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Brittany Platt (second from left) with fellow Master of Rehabilitation Technology and PhD students

Brittany Platt (second from left) with fellow Master of Rehabilitation Technology and PhD students

The decision to attend graduate school while working full-time is not as easy as it sounds. Many of us complete our undergraduate degree as full-time students, which I did in psychology at the University of Pittsburgh at Greensburg. Upon completion of an undergraduate degree, some continue directly to graduate school while others, such as myself, enter the workforce. First, I worked in childcare and then I took a full-time position as a rehabilitation aide at UPMC Mercy’s Uptown out-patient clinic. In this role, I work under the supervision of the physical therapists and occupational therapists in the clinical care of patients, which includes helping with their therapy exercises. My job also includes clerical duties. 

My rehabilitation aide position is enjoyable, but I wanted more for my career. Like many people, I could not stop working and pay for graduate school, so I took a gap year to work and explore graduate programs. I chose the Pitt School of Health and Rehabilitation Sciences (SHRS) Master of Rehabilitation Technology (MRT) hybrid program for several reasons. The objectives and outcomes of the program are consistent with my career goals. I am interested in rehabilitation, but I did not want to be an occupational therapist or a physical therapist. Graduates of the MRT still help patients--we help our clients overcome obstacles associated with their disability using assistive technology and gain greater independence. This includes analyzing their needs and assisting them in the choice of technology and then training them to use it.

Personally, I would like to work with children and their families. The MRT program is helping me achieve this goal and to maintain my full-time job. The schedule is flexible with courses that are offered in a synchronous online format, and there is also a part-time, two-year track. Before I applied to the MRT program I met with Associate Professor Mark Schmeler who showed me some of the assistive technology that I could be learning about and helping clients to use. Associate Professor and Program Director Mary Goldberg helped me to understand the different ways that I could earn certification as an Assistive Technology Professional (ATP). Research Scientist Richard Schein is the MRT clinical coordinator and is assisting me in selecting sites for my internship.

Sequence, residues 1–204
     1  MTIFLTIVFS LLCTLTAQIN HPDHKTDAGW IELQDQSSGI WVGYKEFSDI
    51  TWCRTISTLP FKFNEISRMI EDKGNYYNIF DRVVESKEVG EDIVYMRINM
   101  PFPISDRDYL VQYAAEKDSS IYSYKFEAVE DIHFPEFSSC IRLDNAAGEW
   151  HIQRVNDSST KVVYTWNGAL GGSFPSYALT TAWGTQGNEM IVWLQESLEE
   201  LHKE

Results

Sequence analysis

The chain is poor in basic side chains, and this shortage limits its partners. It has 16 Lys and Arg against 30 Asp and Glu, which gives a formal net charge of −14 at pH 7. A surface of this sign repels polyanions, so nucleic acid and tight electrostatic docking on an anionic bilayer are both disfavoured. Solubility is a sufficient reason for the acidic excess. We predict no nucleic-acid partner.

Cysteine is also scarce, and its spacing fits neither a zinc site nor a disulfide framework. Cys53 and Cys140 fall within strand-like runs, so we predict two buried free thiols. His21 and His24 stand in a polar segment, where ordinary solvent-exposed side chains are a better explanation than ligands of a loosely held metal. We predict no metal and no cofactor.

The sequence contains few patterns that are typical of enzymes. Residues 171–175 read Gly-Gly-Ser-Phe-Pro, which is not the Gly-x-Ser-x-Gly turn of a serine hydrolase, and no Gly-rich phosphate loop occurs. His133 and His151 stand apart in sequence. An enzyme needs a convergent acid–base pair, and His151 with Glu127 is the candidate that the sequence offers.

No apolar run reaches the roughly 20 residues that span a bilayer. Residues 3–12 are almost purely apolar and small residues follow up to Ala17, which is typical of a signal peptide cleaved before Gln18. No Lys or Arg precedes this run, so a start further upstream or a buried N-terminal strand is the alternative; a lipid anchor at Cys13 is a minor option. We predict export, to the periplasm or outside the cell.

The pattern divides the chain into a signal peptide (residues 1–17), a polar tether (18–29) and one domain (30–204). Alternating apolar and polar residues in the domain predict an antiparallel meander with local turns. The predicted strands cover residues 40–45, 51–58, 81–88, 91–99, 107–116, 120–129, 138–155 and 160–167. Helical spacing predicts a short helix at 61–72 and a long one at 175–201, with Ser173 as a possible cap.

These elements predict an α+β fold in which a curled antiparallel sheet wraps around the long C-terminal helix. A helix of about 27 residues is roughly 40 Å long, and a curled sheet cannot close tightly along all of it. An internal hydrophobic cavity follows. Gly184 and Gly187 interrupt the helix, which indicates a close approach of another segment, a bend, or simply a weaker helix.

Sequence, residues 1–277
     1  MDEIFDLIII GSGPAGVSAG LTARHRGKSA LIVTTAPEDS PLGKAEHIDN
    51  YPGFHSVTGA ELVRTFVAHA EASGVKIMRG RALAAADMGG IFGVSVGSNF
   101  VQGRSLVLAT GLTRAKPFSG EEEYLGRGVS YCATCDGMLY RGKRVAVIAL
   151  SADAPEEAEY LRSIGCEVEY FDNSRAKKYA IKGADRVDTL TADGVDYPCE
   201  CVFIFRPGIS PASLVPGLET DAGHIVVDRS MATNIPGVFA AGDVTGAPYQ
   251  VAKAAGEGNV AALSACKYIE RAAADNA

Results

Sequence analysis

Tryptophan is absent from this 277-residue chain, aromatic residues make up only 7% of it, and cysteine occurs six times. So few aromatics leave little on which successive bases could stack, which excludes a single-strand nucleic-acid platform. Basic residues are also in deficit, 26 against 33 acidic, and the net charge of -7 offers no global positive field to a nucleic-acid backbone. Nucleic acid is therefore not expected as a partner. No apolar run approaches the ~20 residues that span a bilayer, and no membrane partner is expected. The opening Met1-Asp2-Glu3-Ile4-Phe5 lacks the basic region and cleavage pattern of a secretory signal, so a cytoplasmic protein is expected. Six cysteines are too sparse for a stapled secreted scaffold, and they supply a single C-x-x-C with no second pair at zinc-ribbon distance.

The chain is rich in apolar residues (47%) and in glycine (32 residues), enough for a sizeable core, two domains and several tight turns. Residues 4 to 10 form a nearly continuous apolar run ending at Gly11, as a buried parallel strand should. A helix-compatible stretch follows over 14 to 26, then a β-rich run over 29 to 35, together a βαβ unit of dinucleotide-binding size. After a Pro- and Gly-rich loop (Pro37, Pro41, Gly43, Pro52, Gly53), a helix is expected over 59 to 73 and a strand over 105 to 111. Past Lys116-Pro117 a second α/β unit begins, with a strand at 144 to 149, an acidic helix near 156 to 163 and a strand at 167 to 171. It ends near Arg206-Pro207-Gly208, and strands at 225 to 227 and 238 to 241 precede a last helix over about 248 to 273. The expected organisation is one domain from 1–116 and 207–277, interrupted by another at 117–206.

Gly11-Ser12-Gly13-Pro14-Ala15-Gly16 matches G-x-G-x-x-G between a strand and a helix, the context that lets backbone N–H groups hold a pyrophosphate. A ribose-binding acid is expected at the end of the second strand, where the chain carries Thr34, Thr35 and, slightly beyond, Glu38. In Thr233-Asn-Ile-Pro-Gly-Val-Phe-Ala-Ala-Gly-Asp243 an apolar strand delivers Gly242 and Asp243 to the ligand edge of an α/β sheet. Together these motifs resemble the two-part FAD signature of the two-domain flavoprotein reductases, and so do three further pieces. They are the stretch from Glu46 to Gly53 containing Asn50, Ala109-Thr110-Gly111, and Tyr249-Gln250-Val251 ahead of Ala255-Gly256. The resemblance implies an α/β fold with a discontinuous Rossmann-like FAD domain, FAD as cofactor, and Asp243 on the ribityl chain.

The key to my success in balancing a full-time job and being a part-time student is the flexibility offered by my employer and supervisor at UPMC. My coworkers are very supportive and encouraging of me going back to school. They are willing to adapt my schedule so that I can leave in the middle of the day to attend classes. A nice thing about the program is that mid-day classes are not a common occurrence. So far, I have been able to take all but one class in the evening, so they have not interfered much with my work schedule. If I need to miss work, I can make up the time on non-class days. This keeps me working as a full-time employee, which is important, as part of the UPMC benefit package includes tuition assistance, which helps to offset my out-of-pocket expenses.  

The ability to take classes part-time and work full-time has also helped me to maintain a healthy work-life balance. I am still able to effectively manage my work, learn new patient care techniques and also see how my MRT degree will allow me to help others improve their independence. The amount of out of class work has been very manageable as well. I strongly encourage folks to explore this outstanding University of Pittsburgh program if they are interested in opportunities to help others.


Written by Brittany Platt
Current Student in the Master of Rehabilitation Technology program


Published February 15, 2023

Updated February 23, 2023